Outside of the very few most talented wine tasters I have been around, the order in which wines are tasted has a massive impact on the context, tone, and experience of every wine in the lineup. Each wine sets the tone for the following wine tasted.
The tasting experience is shaped by the progression. This concept can be less vivid with spirits for a multitude of reasons (like proof, for instance), but the tasting order definitely comes into play.
Incredibly, I rarely see professionals think twice about order progression. This is a colossal error. Look no further than Ye Olde Robert Parker to see where a standard lightest to fullest progression can lead. It ain’t pretty.
EX: Taste a muscadet followed by a white burgundy with oak and the oak will appear to be accentuated – even if the burgundy is balanced like a top.
In the best case, a tasting is like a concert where the songs flow together and follow each other well, and in the worst case, it’s a disjointed set.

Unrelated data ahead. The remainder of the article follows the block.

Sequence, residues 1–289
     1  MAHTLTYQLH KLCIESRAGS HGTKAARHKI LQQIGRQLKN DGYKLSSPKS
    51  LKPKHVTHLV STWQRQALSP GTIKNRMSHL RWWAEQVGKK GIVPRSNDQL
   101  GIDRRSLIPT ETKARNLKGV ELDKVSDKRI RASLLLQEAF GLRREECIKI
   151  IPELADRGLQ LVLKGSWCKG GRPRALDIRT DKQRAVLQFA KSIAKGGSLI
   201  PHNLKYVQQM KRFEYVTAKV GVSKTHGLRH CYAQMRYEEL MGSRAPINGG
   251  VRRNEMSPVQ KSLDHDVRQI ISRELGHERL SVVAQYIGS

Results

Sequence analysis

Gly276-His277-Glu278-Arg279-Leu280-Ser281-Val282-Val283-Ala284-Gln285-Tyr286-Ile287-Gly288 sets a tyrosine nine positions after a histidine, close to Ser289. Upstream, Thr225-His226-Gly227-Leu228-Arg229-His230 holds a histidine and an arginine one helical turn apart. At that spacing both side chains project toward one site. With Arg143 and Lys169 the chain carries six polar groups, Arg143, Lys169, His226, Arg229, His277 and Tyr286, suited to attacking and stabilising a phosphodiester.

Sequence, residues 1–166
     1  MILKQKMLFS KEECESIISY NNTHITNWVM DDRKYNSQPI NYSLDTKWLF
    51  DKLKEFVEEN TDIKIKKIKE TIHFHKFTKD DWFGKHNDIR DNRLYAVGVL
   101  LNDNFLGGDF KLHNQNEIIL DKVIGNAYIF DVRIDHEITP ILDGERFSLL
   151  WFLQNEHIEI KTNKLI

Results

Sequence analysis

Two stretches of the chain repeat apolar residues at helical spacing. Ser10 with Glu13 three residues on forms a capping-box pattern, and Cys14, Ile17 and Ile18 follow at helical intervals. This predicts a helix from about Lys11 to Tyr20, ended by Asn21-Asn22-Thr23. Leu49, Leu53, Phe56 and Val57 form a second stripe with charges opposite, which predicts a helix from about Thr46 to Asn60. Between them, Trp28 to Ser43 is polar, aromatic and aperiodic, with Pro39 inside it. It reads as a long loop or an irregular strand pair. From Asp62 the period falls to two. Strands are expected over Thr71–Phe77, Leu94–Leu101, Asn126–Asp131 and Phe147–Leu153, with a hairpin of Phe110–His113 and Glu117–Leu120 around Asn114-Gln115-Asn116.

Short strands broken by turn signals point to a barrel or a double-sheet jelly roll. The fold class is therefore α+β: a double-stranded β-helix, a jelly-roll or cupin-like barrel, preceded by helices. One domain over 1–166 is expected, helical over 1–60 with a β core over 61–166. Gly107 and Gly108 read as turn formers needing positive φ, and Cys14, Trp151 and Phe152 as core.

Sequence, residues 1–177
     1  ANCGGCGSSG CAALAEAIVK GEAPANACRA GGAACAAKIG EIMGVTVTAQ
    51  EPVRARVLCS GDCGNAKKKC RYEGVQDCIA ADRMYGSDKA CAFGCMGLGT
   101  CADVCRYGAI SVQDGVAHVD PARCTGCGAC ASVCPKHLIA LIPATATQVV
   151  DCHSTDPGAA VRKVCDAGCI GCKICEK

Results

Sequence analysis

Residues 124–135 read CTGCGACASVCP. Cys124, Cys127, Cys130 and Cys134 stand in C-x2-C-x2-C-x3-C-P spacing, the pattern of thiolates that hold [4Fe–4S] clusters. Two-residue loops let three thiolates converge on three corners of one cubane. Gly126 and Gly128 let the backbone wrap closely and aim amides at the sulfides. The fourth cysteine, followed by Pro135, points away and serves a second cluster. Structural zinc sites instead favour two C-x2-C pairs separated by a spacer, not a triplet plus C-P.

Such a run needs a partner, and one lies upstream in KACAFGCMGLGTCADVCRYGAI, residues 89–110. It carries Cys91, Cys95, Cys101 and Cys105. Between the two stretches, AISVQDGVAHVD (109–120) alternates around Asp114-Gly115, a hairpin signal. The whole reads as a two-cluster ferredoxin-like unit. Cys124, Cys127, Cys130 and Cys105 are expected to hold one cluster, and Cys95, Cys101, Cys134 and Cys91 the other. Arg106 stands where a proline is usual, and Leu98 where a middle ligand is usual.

When there is a jarring shift like Muscadet to Burgundy, I find that elegant storytelling, an acknowledgment of the difficulty, or a pause can ease the “difficulty” in the transition from one wine to the next.
Bottom line: Don’t underestimate the importance of the order in which you present wines or spirits – next level tasting and presentation pay attention to the progression. It goes well beyond light to full, low tannin to high tannin, austere to broad – standard practice can lead you astray.
No rules truly apply – except (of course) experience.